READ MORE - World's first 'cyber superweapon' attacks China

Israeli cyber unit responsible for Iran computer worm – claim

An elite Israeli military unit responsible for cyberwarfare has been accused of creating a virus that has crippled Iran's computer systems and stopped work at its newest nuclear power station.
 
Israel demonstrated its intent to conquer cyber warfare in the 1990s by presenting the country's legions of hackers with a choice between prison and working for the state.
Israel has led the way in combating cyber attacks Photo: ALAMY
Computer experts have discovered a biblical reference embedded in the code of the computer worm that has pointed to Israel as the origin of the cyber attack.
The code contains the word "myrtus", which is the Latin biological term for the myrtle tree. The Hebrew word for myrtle, Hadassah, was the birth name of Esther, the Jewish queen of Persia.
In the Bible, The Book of Esther tells how the queen pre-empted an attack on the country's Jewish population and then persuaded her husband to launch an attack before being attacked themselves.
Israel has threatened to launch a pre-emptive attack on Iran's facilities to ensure that the Islamic state does not gain the ability to threaten its existence.
Ralf Langner, a German researcher, claims that Unit 8200, the signals intelligence arm of the Israeli defence forces, perpetrated the computer virus attack by infiltrating the software into the Bushehr nuclear power station
Mr Langer said: "If you read the Bible you can make a guess."
Computer experts have spent months tracing the origin of the Stuxnet worm, a sophisticated piece of malicious software, or malware, that has infected industrial operating systems made by the German firm Siemens across the globe.
Programmers following Stuxnet believe it was most likely introduced to Iran on a memory stick, possibly by one of the Russian firms helping to build Bushehr. The same firm has projects in Asia, including India and Indonesia which were also attacked. Iran is thought to have suffered 60 per cent of the attacks.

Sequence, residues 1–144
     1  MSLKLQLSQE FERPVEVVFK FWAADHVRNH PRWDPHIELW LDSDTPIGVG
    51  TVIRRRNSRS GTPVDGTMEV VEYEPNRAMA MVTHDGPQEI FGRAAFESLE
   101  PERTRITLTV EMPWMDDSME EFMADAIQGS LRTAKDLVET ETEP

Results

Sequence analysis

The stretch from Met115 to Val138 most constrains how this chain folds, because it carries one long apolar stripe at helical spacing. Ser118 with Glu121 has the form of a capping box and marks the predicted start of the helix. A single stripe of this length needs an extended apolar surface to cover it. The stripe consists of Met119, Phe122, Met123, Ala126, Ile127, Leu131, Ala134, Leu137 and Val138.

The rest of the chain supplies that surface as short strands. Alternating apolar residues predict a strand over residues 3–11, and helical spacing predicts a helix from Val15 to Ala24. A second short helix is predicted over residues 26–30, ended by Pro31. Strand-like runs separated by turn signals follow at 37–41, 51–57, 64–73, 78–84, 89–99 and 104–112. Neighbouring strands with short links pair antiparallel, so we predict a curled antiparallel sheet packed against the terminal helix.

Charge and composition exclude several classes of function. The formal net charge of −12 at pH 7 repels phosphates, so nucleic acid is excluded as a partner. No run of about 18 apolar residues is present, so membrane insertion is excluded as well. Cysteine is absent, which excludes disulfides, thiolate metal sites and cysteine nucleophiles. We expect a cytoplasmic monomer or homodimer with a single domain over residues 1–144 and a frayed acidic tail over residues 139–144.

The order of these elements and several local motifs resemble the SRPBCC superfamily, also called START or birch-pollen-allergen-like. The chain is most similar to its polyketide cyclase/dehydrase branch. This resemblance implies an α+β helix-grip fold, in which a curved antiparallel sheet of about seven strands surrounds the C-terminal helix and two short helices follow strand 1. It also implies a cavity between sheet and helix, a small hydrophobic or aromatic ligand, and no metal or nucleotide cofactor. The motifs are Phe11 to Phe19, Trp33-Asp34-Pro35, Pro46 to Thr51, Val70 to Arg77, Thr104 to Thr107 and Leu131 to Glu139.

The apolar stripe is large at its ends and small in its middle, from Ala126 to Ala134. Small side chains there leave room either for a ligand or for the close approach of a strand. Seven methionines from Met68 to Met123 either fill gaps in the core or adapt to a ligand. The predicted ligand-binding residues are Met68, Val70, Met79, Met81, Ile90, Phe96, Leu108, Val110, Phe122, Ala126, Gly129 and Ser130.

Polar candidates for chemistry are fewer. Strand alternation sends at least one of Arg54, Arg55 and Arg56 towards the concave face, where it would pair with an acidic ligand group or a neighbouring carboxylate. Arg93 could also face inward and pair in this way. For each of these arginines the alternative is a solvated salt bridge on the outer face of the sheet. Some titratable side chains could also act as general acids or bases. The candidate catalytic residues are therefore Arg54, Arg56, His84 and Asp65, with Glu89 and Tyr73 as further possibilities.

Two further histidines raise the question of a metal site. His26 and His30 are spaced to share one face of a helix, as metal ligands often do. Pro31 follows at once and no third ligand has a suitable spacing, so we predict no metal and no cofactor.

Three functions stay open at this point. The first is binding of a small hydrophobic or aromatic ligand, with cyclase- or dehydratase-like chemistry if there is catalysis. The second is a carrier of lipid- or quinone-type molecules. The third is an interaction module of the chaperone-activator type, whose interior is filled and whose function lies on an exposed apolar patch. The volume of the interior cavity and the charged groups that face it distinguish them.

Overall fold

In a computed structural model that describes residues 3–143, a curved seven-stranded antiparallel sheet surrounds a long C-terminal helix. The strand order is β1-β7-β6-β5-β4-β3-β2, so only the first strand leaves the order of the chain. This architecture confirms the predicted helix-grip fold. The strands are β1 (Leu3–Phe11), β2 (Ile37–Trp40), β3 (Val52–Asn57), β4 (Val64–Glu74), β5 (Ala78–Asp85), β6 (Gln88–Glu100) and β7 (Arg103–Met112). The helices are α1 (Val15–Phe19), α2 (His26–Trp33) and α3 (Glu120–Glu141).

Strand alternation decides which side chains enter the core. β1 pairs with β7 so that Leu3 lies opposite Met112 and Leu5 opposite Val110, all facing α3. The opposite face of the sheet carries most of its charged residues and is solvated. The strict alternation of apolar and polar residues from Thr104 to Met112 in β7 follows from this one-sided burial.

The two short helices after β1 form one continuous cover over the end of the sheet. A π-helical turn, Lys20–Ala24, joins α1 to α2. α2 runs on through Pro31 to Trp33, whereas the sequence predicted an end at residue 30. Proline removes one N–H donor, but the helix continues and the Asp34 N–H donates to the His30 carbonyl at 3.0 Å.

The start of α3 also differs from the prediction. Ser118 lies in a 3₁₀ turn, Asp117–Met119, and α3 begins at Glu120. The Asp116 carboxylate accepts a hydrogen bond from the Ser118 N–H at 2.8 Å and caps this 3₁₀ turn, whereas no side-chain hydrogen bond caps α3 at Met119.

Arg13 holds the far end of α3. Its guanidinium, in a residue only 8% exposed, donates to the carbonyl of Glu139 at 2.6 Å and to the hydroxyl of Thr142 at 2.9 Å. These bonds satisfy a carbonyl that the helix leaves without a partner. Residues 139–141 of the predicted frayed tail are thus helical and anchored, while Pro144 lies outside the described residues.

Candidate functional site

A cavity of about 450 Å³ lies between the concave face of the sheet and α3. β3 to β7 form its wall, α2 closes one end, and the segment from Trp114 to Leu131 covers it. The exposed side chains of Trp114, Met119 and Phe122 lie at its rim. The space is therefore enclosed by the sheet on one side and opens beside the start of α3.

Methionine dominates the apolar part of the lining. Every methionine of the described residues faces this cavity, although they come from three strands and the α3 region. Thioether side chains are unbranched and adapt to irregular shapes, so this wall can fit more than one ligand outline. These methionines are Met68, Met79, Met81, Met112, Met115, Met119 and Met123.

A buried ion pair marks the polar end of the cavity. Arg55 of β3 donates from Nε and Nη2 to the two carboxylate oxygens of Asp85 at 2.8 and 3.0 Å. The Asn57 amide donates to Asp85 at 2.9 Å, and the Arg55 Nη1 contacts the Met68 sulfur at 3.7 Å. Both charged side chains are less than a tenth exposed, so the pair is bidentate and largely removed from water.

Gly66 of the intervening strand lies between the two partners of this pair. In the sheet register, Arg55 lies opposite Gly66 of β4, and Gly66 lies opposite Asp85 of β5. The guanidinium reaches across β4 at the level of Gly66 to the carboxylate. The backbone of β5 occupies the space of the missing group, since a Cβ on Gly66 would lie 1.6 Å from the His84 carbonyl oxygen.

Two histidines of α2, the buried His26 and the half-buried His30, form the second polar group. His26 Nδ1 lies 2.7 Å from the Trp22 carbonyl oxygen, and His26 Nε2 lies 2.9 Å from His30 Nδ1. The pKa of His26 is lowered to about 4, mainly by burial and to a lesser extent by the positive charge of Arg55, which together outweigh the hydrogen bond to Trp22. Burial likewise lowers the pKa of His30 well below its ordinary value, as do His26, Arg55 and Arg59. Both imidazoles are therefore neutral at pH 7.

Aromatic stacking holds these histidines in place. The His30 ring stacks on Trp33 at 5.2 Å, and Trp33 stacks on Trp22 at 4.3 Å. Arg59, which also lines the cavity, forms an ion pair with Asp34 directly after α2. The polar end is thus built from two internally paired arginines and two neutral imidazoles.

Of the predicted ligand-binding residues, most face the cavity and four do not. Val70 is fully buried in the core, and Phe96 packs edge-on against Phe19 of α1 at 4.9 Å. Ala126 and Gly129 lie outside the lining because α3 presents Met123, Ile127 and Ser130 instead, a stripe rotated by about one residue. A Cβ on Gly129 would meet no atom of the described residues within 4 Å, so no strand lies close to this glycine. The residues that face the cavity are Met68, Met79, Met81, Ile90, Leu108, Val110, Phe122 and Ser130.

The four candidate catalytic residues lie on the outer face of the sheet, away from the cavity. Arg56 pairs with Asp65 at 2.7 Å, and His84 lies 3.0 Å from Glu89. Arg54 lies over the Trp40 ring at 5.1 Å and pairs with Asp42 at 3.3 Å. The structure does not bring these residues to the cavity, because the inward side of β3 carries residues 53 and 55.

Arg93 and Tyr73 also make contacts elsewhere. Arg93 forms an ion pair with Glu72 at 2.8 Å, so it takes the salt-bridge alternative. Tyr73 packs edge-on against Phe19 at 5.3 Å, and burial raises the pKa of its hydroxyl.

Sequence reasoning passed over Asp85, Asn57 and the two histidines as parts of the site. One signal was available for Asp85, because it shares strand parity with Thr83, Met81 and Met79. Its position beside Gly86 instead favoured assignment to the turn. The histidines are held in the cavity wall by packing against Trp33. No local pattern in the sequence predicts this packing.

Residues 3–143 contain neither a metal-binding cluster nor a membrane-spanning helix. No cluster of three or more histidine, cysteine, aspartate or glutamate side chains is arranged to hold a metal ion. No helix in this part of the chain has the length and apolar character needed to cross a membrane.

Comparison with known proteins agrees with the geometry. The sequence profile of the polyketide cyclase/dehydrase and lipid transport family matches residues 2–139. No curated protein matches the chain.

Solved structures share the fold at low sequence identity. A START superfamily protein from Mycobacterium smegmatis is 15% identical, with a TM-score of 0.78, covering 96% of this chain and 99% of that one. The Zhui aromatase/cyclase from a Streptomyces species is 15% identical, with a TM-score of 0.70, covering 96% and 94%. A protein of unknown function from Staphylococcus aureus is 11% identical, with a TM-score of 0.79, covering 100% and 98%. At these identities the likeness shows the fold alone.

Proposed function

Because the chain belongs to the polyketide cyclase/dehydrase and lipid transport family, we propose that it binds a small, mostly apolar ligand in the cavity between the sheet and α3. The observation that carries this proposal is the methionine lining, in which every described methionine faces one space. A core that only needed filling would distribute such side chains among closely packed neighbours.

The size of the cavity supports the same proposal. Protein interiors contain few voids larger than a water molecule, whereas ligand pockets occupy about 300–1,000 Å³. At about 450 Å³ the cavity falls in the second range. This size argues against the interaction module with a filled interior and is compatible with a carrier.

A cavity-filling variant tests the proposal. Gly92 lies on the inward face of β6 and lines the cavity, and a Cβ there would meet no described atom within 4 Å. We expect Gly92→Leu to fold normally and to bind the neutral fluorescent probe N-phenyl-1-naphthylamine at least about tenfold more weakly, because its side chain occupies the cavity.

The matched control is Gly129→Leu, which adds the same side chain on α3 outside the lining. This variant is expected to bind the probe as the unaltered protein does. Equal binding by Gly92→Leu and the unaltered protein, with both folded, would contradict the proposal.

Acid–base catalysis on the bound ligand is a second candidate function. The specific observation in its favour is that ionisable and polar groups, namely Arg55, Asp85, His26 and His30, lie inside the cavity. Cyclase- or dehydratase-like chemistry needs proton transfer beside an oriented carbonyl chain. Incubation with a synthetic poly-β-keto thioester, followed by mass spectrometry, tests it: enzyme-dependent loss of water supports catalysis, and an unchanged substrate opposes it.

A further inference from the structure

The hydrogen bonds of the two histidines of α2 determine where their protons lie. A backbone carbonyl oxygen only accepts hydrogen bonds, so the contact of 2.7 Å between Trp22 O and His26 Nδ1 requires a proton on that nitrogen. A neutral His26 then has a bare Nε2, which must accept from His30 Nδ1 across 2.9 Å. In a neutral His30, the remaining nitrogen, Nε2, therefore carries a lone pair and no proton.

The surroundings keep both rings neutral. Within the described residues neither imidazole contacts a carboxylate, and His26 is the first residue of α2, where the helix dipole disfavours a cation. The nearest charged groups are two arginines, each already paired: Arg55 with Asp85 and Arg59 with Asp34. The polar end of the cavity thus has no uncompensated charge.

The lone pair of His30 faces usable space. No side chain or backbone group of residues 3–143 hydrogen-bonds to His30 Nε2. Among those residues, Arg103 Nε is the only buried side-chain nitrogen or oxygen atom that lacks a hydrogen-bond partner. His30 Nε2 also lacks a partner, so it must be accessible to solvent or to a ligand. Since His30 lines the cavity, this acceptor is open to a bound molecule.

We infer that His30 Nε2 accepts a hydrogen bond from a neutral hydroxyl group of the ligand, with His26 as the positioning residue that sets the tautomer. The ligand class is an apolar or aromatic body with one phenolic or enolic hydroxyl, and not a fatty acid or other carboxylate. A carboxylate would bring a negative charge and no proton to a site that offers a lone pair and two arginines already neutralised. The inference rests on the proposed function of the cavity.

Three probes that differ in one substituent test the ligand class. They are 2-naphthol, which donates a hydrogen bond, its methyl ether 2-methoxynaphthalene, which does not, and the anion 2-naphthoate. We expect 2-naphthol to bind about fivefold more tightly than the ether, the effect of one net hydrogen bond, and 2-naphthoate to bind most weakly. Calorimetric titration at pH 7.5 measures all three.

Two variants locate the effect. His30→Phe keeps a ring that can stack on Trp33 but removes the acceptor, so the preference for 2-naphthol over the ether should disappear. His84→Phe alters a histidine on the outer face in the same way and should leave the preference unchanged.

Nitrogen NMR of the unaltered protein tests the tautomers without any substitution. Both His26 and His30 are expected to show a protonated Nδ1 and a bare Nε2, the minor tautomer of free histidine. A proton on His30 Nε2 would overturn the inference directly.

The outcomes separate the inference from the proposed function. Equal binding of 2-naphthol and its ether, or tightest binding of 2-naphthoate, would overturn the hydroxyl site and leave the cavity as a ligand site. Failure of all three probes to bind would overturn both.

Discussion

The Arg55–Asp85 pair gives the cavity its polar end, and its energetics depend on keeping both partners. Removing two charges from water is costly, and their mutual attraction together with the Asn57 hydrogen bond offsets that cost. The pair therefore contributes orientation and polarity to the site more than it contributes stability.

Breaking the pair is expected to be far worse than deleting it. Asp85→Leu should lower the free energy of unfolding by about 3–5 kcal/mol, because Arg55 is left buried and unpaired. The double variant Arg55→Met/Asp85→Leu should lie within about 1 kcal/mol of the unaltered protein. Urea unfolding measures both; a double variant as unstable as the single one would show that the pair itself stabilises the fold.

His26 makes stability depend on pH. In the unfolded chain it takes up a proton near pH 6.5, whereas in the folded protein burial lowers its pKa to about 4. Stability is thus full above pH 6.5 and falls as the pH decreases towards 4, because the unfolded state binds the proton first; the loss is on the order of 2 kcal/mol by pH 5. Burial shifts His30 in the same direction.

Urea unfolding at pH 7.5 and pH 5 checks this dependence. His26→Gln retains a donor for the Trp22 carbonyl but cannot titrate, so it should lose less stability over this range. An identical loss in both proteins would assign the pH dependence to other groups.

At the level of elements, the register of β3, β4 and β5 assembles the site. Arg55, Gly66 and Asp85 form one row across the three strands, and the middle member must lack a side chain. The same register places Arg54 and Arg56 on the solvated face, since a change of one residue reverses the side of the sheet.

Mr Langner said: "It would be an absolute no-brainer to leave an infected USB stick near one of these guys and there would be more than a 50 per cent chance of him pick it up and infect his computer."
Cyber security experts said that Israel was the most likely perpetrator of the attack and had been targeting Iran but that it had not acknowledged a role to its allies.
"Nobody is willing to accept responsibility for this particular piece of malicious software which is a curious, complex and powerful weapon," said one Whitehall expert.
The Iranian authorities acknowledged the worm had struck Bushehr and a statement conceded that the plant would come into operation in January, two months later than planned.
Elizabeth Katina, a researcher at the Royal United Services Institute, said the possibility of a copycat attack on British or American electricity networks or water supplies had been elevated by the release of Stuxnet.
"Critical national infrastructure is at greater risk because this shows groups on the outside of governments how to do it," she said. "It's more likely now that the northeast of England power grid can be shut down until someone decides to start it up again."